- 31.6 million Americans are estimated to have symptoms of eczema, including 17.8 million with symptoms of atopic dermatitis.
- Worldwide, about 20 percent of children and up to 3 percent of the adult population have some form of eczema. Those who live in developed countries or colder climates seem to be more prone to developing eczema.
- Hand dermatitis accounts for 20–35% of all U.S. eczema cases, affecting up to 10% of the U.S. population.
- In a 2007 U.S. survey, just over one‐third (37.1%) of those with eczema symptoms reported a physician diagnosis.
General aspects of eczema
- There are at least 11 unrelated skin diseases that produce eczemas.
- Studies have found that 1/3 to nearly 2/3 of children and young people with atopic eczema also had a food allergy.
- Statistics in the United States show that about 80% of contact dermatitis is irritant‐based and about 20% is allergic.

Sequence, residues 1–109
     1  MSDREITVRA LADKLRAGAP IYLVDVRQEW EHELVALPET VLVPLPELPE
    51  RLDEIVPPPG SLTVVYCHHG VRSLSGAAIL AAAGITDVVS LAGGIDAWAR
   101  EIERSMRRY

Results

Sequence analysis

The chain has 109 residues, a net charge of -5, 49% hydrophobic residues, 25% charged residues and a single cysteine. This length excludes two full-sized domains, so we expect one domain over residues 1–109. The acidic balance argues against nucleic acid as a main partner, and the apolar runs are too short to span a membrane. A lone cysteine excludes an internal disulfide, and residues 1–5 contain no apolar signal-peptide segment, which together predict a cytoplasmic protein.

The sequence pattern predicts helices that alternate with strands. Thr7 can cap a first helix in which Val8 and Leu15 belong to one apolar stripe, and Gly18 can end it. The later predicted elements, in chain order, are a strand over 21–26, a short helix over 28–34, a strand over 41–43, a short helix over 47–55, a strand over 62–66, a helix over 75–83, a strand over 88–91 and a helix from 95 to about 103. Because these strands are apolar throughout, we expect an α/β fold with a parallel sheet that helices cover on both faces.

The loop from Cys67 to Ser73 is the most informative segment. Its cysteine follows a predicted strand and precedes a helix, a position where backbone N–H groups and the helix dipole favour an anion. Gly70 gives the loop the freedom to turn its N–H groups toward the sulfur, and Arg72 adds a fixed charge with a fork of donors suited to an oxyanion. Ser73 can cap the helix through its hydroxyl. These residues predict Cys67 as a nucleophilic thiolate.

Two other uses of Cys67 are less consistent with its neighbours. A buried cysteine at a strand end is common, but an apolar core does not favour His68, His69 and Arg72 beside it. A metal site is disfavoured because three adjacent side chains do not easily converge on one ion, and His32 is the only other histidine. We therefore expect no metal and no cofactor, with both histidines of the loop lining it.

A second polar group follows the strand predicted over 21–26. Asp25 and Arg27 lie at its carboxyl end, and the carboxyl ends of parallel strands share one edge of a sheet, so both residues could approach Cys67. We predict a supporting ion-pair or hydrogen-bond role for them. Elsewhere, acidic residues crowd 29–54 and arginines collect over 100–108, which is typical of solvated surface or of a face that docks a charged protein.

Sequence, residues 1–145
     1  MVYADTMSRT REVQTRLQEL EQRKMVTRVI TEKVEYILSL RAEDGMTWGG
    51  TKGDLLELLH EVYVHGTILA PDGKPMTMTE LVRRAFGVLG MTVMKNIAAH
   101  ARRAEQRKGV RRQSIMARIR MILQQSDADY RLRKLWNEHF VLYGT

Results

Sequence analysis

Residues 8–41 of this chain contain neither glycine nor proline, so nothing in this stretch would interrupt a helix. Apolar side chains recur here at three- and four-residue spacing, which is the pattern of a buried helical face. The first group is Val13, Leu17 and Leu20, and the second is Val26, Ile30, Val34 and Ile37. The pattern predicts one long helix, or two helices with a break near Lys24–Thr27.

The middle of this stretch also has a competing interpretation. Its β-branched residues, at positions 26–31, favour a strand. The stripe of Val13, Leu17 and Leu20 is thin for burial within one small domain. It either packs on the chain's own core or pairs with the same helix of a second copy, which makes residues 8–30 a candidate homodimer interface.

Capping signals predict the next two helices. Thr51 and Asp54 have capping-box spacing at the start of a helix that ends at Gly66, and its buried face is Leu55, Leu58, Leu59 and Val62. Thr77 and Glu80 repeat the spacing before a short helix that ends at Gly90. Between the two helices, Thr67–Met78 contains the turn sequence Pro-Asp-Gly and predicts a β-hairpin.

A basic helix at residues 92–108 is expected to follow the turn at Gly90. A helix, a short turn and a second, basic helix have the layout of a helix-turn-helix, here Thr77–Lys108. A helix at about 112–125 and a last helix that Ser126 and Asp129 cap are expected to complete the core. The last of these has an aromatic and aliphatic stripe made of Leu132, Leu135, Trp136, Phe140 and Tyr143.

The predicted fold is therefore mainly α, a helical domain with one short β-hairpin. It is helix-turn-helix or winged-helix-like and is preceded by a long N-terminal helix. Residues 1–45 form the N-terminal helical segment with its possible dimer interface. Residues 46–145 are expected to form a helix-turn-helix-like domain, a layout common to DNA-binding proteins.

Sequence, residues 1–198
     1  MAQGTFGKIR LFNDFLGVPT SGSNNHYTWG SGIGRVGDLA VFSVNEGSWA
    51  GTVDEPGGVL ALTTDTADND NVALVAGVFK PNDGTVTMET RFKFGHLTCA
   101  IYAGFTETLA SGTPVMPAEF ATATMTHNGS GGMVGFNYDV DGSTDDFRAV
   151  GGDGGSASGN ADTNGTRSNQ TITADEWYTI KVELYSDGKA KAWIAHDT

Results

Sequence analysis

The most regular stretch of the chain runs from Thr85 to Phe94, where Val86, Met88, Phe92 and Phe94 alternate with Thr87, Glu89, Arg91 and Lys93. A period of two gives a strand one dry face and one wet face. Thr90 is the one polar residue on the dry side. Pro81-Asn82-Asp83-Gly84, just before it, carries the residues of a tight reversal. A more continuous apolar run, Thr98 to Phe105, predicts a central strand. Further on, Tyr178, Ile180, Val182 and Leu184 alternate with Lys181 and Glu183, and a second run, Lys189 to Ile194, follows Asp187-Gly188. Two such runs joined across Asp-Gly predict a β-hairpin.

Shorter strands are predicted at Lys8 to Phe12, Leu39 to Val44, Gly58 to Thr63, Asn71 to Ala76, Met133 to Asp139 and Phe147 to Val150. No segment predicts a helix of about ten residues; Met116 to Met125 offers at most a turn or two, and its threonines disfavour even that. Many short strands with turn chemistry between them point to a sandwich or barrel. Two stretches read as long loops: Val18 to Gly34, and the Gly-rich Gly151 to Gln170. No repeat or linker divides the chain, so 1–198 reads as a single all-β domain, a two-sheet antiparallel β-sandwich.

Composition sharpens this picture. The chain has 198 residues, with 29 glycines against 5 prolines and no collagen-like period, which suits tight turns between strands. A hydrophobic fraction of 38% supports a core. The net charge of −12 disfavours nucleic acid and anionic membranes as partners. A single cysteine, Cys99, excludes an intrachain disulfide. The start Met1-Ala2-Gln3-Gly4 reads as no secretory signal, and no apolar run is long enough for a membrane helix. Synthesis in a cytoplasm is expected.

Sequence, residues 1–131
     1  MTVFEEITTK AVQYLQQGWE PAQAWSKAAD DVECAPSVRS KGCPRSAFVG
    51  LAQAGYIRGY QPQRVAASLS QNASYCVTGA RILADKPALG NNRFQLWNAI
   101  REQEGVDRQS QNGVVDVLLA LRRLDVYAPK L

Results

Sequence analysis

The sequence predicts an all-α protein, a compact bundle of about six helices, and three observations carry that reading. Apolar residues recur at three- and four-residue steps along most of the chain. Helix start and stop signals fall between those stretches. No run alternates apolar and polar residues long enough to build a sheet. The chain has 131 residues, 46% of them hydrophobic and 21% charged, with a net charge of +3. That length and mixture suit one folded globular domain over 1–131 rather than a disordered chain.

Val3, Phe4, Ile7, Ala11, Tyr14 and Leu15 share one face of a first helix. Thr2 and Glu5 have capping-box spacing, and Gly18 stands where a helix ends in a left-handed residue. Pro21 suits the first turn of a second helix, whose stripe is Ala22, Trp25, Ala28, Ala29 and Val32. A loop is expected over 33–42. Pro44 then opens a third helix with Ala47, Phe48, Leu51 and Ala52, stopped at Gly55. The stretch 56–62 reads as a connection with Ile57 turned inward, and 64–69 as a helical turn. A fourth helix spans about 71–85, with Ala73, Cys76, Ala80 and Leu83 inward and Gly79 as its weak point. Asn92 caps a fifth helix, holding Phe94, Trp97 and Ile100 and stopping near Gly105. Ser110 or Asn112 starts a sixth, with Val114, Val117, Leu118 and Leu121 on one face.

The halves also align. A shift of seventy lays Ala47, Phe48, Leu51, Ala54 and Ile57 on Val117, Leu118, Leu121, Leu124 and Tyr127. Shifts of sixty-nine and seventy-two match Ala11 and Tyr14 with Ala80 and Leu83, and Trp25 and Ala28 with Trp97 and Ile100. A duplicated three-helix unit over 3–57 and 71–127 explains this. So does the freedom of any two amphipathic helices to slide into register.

Age of onset
- Seventy percent of eczema cases start in children younger than 5 years old, and about 60% of infants who have eczema continue to have one or more symptoms in adulthood.
- Atopic dermatitis affects between 8.7%–18.1% of all infants and young children.
- In a 2007 study of 21 patients with mild to moderate atopic dermatitis, applying an oatmeal‐based cream twice daily to eczema patches was found to “significantly improve symptoms after the first and second weeks of treatment.”*
*Wallo W, Nebus J, Nystrand G, et al. Agents with adjunctive therapeutic potential in atopic dermatitis. Poster presented at: 65th Annual Meeting of the American Academy of Dermatology; February 2‐6, 2007; Washington, D.C. P712.